City asked to consider its liens against former St. Elizabeth Hospital property that's rumored to be up for sale.

Although the former St. Elizabeth Hospital property in Hannibal is privately owned, city action regarding liens it has placed against the Virginia Street site could play a role in its sale to another developer.

During Monday afternoon's Building Commission meeting at City Hall, City Manager Jeff LaGarce said the city had received a letter earlier that day from a local law firm regarding the property. In short, the letter asked the city to resolve its lien issues with the property's current owner, Steve Owsley, to help clear the way for the sale of the site to an unnamed developer.

Owsley initially owed the city $3,338.32 for expenses incurred by Street Department workers while sealing the facility's first floor doors and windows. And while Owsley has made some payments, the bulk of the court-ordered fee remains to be paid.

Owsley also owes a comparable amount to the city for mowing and other property-upkeep work the city has had to perform in recent years.

Mayor James Hark suggested during Monday's meeting that dropping the liens would be far cheaper than allowing the city to be stuck with the full cost of demolishing the complex, which ceased being a healthcare facility in 1993.

Citing the legal nature of the liens, LaGarce indicated the matter will likely be taken up by the City Council in closed session during its Tuesday, April 18, meeting.


Sale offer


Reportedly, an offer has been made on the property which Owsleyacquired in August 2011 at a tax sale.

Sale rumors have been swirling around the former St. Elizabeth Hospital for months. During court hearings earlier this year before 10th Circuit Court Judge Rachel Bringer Shepherd, Owsley indicated that a sale of the property was imminent. Following Owsley's March 3 hearing Sara Ehret, Owsley's court-appointed attorney, said progress was being made on financing the transaction.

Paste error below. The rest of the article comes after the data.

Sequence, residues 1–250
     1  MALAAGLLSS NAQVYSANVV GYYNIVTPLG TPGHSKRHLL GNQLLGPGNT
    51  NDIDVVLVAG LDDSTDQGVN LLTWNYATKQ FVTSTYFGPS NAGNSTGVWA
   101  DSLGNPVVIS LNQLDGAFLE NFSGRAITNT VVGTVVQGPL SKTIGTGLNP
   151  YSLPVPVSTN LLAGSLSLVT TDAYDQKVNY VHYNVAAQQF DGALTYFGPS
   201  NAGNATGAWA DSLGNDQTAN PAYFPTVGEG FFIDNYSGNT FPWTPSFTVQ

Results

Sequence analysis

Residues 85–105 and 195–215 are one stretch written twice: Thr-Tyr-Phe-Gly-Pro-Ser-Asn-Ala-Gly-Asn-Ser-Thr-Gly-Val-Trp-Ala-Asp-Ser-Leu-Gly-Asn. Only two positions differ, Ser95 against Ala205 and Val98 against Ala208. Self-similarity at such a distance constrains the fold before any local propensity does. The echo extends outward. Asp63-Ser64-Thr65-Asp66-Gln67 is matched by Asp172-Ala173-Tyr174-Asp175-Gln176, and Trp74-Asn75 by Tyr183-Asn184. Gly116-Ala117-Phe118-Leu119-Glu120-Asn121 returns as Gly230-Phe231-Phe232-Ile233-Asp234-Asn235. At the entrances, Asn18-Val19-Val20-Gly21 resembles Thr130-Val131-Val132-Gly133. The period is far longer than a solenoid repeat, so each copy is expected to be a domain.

During the March Building Commission meeting, LaGarce reported that he was aware of two developers who had expressed interest in the complex, a portion of which is more than 100 years old.
LaGarce said he had spoken to one interested party two or three times. Inquiries regarding the site had also been fielded by the Northeast Missouri Economic Development Council's office.

If the sale goes through the property would reportedly be converted into a residential rehab facility.

“We want it to be renovated,” said LaGarce.

Hark indicted he is hopeful there will be some positive news regarding the site by early May when he completes his first year as mayor.

Hark is realistic regarding rumored developments involving the Virginia Street site.

“I've heard the 'rainbow' talk before,” he said, adding he does not want to needlessly raise the hopes of those who live in the central-Hannibal neighborhood where the property is located.


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